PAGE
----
Author Archives: K

NOSE CLIPS MAY NOT BE THE WAY FORWARD IN MASK VENTILATION AFTER ALL

An small but elegant experimental study in CJA explores the impact of nasal passage occlusion on mask ventilation in the unresponsive patient. Tidal volumes may be reduced by more than half when the nose is totally occluded.

Posted in Airway management, Anesthesia, Uncategorized | Leave a comment

IS FEVER THE NORMAL TEMPERATURE OF SEPSIS?

We know that hypothermia in sepsis is associated with increased mortality but other than that we tend to see fever in sepsis as something bad. We tend to perceive sepsis patients as more sick the more the temperature is elevated. We then … Continue reading

Posted in Intensive Care | 4 Comments

NORWEGIAN GUIDELINES

The Norwegian guidelines for spinal immobilisation were recently published in SJTREM. (Open Access) Our involvement with the development of these started back in 2013 and 2014, when we published some posts that were highly critical of the dominating doctrine of extremely liberal … Continue reading

Posted in Prehospital Medicine, Trauma | 1 Comment

THE OXYGEN-ICU TRIAL

We have been concerned about hyperoxaemia for a long time. Numerous studies have documented how supranormal O2-concentrations are harmfull in critical illness. Unfortunately, as far as I can tell anyway, ICU practice hasn’t changed much. We deal with hypoxia straight away, but otherwise we leave … Continue reading

Posted in Intensive Care | 3 Comments

STILL NO EVIDENCE FOR PPI IN ICU

We believe that the ICU-patients, especially ventilated patients, are prone to having stress ulcers and one of the components of the daily ICU drill is to ensure that the patient is on ulcer prophylactics. We do this despite how the … Continue reading

Posted in Intensive Care | 1 Comment

BCheE

I found an editorial in BJA that describes an issue with succinylcholine I wasn’t really aware of. Butyrylcholinesterase (BCheE) hyperactivity. BCheE is the non-specific cholinesterase that rapidly hydrolyses succinylcholine in the blood so that only 10% of the injected drug … Continue reading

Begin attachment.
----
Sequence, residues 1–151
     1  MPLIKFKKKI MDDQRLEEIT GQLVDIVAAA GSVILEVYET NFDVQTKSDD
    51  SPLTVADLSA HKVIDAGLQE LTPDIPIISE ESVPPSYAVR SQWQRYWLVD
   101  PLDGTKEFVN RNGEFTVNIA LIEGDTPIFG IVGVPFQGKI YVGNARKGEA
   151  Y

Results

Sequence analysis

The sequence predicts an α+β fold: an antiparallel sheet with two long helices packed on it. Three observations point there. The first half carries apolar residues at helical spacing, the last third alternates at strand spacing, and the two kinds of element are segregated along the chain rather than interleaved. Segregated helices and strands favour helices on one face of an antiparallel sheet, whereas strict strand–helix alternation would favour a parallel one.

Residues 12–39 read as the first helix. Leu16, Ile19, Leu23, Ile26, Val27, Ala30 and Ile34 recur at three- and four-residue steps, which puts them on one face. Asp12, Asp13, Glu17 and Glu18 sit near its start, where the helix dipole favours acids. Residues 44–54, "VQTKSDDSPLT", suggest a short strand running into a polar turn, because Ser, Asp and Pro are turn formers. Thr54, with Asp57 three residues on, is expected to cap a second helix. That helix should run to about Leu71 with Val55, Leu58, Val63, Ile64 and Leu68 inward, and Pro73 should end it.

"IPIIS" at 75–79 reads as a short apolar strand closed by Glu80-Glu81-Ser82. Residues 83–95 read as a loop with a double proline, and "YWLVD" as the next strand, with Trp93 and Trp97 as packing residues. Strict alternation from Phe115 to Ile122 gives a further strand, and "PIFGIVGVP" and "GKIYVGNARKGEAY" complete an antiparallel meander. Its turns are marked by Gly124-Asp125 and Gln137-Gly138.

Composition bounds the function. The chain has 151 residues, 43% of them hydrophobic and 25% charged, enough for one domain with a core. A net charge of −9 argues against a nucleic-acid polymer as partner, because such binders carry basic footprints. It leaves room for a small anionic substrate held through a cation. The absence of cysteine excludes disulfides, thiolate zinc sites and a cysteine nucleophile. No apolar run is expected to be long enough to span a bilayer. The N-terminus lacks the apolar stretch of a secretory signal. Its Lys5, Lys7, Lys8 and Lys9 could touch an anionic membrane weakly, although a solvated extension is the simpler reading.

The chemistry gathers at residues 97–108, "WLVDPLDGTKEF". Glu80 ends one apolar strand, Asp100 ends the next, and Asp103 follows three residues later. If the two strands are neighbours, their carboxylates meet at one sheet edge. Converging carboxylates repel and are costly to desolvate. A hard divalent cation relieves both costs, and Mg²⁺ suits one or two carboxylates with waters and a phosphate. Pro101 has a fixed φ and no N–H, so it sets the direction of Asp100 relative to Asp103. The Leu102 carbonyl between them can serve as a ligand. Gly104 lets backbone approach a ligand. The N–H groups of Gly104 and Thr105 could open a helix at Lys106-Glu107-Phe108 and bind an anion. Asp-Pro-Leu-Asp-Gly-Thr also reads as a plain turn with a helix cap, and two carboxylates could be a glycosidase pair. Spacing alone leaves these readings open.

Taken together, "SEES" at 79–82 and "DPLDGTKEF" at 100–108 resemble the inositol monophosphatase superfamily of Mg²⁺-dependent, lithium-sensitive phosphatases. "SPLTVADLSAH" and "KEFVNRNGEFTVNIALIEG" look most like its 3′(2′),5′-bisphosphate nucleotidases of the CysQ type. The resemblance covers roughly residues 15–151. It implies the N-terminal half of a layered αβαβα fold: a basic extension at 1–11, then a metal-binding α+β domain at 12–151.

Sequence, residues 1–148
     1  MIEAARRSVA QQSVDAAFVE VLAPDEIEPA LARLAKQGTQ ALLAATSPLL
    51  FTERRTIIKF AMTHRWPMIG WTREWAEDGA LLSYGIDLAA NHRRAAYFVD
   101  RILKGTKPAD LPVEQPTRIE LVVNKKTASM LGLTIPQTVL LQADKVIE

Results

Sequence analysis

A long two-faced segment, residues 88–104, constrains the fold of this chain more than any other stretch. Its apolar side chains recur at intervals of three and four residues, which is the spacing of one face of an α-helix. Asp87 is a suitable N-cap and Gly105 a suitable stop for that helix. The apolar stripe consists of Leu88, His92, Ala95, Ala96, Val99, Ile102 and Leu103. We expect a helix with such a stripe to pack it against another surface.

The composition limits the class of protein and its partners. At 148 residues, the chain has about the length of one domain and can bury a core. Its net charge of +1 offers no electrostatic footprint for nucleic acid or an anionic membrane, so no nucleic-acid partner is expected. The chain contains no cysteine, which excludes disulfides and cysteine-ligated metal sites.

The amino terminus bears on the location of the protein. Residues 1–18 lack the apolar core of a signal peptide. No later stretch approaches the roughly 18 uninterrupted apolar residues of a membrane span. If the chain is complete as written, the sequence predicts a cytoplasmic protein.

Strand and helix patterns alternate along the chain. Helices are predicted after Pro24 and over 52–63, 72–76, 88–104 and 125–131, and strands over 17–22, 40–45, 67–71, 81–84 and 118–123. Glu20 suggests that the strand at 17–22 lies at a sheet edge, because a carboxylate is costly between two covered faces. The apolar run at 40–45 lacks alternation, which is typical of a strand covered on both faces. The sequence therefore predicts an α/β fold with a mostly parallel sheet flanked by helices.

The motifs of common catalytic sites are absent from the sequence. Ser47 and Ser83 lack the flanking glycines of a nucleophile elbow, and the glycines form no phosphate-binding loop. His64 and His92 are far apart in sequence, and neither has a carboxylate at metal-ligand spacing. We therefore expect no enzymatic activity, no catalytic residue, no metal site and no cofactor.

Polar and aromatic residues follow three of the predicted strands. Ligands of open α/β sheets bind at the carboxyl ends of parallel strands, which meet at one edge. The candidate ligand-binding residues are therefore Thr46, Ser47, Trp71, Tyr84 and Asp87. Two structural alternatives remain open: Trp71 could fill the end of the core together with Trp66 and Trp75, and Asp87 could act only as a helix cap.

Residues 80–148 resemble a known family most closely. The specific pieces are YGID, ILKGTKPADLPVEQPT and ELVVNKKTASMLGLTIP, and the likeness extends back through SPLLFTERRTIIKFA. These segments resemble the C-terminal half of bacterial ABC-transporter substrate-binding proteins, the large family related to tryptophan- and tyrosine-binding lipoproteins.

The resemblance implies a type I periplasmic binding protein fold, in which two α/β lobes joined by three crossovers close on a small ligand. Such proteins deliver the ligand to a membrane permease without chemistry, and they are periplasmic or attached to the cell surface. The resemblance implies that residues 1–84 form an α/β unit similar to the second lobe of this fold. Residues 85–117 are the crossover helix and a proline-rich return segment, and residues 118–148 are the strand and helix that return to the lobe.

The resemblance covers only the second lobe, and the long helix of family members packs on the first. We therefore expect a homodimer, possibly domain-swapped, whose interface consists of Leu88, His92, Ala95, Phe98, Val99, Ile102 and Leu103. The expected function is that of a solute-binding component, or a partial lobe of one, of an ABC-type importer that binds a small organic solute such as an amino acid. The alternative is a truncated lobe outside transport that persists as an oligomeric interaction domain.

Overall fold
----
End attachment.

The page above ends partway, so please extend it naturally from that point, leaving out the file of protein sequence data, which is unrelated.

Posted in Airway management, Anesthesia, Emergency Medicine | Leave a comment

GCS IN OLD PEOPLE

We traditionally use GCS to triage patients who sustained traumatic brain injury. Some previous studies have reported how the accuracy of using GCS decreases with increasing age. Specifically, the elderly present with a higher GCS than younger patients when suffering the same injury. … Continue reading

Posted in Trauma, Uncategorized | 2 Comments

FIELD AMPUTATIONS

A paper in EMJ compares various methods for performing field amputations. I can’t say I ever had to do one myself. However, some of the people I work with have performed amputations on rapidly deteriorating entrapped trauma victims. Most them have relied on the … Continue reading

Posted in Prehospital Medicine, Trauma | 4 Comments

BP MANAGEMENT IN BRAIN BLEEDS – ATACH 2

 A trial called ATACH-2 (Antihypertensive Treatment of Acute Cerebral Hemorrhage II), recently published in NEJM, is likely to temper the enthusiasm for aggressively lowering blood pressure in patients with intracranial bleeds.

Posted in Emergency Medicine, Neurology, Uncategorized | 1 Comment

UNDERESTIMATING BLEEDING

Some years ago, while working for an air ambulance, me and an experienced paramedic responded to a pedestrian-vs-car accident. A young female was out driving when she had a flat tire. As she opened the rear compartment to get the spare tire, a second … Continue reading

Posted in Prehospital Medicine, Trauma, Uncategorized | 2 Comments